Under Iowa workers’ compensation law the issue of apportionment has been an unclear area that has led to a great deal of litigation. Iowa Code Section 85.34(7)(b)(1) covers injuries that occurred before July 1, 2017 and provides:
“If an injured employee has a preexisting disability that was caused by a prior injury arising out of and in the course of employment with the same employer, and the preexisting disability was compensable under the same paragraph of subsection 2 as the employee’s present injury, the employer is liable for the combined disability that is caused by the injuries, measured in relation to the employee’s condition immediately prior to the first injury. In this instance, the employer’s liability for the combined disability shall be considered to be already partially satisfied to the extent of the percentage of disability for which the employee was previously compensated by the employer.”
The Iowa Workers’ Compensation Commissioner issued a decision on August 31, 2018 in the case of Haltom v. JBS USA, LLC and American Zurich Insurance Company. The Haltom case deals with the issue of apportionment, and also addresses a complex set of facts involving multiple injuries.
The claimant worked as a rendering mechanic for JBS. His duties included replacing motors and gear boxes, repairing equipment, and making certain all the equipment was working correctly.
The claimant suffered a minor low back injury in 2007, but was able to return to work without any significant problems. He settled this 2007 back injury case for 28.73 weeks of PPD benefits.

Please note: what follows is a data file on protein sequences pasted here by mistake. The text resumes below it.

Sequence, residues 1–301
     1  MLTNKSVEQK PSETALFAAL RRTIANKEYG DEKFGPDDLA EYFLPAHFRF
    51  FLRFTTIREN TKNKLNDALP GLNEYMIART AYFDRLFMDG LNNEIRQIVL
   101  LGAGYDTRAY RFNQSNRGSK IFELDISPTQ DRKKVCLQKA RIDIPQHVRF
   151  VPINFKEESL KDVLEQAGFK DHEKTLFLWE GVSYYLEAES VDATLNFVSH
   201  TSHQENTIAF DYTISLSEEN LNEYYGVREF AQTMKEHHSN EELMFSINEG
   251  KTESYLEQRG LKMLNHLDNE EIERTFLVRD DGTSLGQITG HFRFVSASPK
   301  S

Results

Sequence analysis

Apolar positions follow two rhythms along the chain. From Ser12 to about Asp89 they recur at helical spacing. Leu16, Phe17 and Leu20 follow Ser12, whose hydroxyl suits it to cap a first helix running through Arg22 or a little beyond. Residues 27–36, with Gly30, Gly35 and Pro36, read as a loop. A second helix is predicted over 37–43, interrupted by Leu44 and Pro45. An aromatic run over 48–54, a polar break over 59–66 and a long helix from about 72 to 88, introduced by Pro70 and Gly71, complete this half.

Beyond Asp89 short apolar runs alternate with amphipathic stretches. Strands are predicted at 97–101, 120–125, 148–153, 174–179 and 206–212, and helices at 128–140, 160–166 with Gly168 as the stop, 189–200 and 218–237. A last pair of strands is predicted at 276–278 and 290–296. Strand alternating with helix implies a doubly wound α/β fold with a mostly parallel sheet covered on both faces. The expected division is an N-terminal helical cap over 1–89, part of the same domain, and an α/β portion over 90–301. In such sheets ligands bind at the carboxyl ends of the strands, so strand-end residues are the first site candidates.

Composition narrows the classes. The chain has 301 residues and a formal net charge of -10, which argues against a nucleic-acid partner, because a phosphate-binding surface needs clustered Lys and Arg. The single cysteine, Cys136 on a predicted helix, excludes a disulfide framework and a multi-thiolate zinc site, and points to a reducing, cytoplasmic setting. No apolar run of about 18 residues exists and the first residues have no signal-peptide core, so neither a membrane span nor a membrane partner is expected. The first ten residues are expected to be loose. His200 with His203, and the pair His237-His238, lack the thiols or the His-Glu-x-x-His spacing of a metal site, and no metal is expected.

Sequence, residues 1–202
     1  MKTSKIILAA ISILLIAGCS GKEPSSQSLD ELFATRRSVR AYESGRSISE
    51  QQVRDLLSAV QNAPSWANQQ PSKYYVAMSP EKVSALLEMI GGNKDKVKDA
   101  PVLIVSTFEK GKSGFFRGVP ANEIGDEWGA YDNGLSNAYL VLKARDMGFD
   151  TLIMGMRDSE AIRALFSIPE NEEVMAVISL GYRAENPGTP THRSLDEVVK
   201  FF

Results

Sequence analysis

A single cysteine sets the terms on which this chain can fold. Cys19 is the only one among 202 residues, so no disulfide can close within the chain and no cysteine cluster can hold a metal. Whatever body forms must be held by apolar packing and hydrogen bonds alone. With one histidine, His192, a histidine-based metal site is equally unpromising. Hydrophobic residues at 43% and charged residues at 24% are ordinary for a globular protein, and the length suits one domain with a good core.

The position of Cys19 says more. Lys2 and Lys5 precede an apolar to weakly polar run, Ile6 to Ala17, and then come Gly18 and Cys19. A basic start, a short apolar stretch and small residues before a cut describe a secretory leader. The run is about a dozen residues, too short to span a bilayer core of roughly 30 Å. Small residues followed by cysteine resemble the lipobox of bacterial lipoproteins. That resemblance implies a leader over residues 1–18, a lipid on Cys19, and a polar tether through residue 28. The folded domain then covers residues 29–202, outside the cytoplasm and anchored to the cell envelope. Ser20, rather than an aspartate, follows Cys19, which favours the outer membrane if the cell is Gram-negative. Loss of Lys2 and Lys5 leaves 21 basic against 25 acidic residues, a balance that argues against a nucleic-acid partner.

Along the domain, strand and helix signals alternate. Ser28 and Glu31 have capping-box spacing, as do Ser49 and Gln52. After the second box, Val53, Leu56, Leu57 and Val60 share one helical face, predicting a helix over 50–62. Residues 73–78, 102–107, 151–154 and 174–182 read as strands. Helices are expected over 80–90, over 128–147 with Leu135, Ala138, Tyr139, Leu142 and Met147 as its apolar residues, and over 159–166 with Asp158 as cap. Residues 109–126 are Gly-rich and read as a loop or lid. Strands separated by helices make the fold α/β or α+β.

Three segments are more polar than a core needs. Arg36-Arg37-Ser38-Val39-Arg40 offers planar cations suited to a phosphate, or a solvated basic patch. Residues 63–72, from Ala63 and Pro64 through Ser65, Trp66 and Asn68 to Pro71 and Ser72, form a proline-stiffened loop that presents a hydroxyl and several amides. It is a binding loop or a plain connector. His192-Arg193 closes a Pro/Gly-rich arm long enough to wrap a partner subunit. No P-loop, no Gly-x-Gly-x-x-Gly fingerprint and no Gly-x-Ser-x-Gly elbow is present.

On December 2, 2012 the claimant suffered an accepted shoulder injury involving a rotator cuff tear. The claimant had to undergo a shoulder surgery in May of 2013, and then a second surgery on March 10, 2014 when the rotator cuff injury retore. The physician chosen by the Employer and Insurance Company returned the claimant to work on September 3, 2014 without restrictions and a 1% body as a whole impairment rating.
The claimant had trouble performing his mechanic’s job upon his return to work, and unfortunately would suffer another injury after just three weeks of being back on the job. On September 23, 2014 the claimant fell seven feet off a ladder and landed on his back. The claimant suffered a low back injury. The claimant was able to avoid surgery, but was given restrictions of not lifting more than 20 pounds from floor to waist and over the shoulder. He could lift 40 pounds occasionally between his waist and shoulders as long as he kept the weight close to his body. He could sit, stand, walk, or squat on an occasional basis. He could work with tools occasionally at or above shoulder height.
The claimant was not able to return to his mechanic’s job after this 2014 back injury. However, his employer accommodated his injuries and created a new job position in which the claimant performs light fabrication work.
The case proceeded to trial and the Deputy Workers’ Compensation Commissioner awarded 20% industrial disability worth 100 weeks of PPD benefits on the accepted shoulder injury. The Deputy Workers’ Compensation Commissioner also ruled that the defendants were entitled to a credit of 28.73 weeks for the 2007 settlement against the award of 100 weeks of PPD benefits.
At trial the defendants argued that the back injury was only a temporary aggravation of a preexisting condition that had returned to baseline. The Deputy Commissioner disagreed and found that the claimant had incurred a 70% loss of earning capacity from the back injury. Therefore, the claimant was entitled to 350 weeks of PPD benefits for the back injury.
Additionally, the Deputy Commissioner ruled that the defendants were entitled to a credit of 100 weeks of PPD benefits from the 2012 shoulder injury for the 350 weeks owed on the 2014 back injury.
Both parties appealed. The claimant argued for a higher award from the shoulder injury, and the Defendants argued that the back injury award should be reversed or substantially reduced. On appeal, the Workers’ Compensation Commissioner completely affirmed the decision from the Deputy Commissioner.
Please be sure to contact our office if you have any questions about apportionment or other Iowa workers’ compensation issues.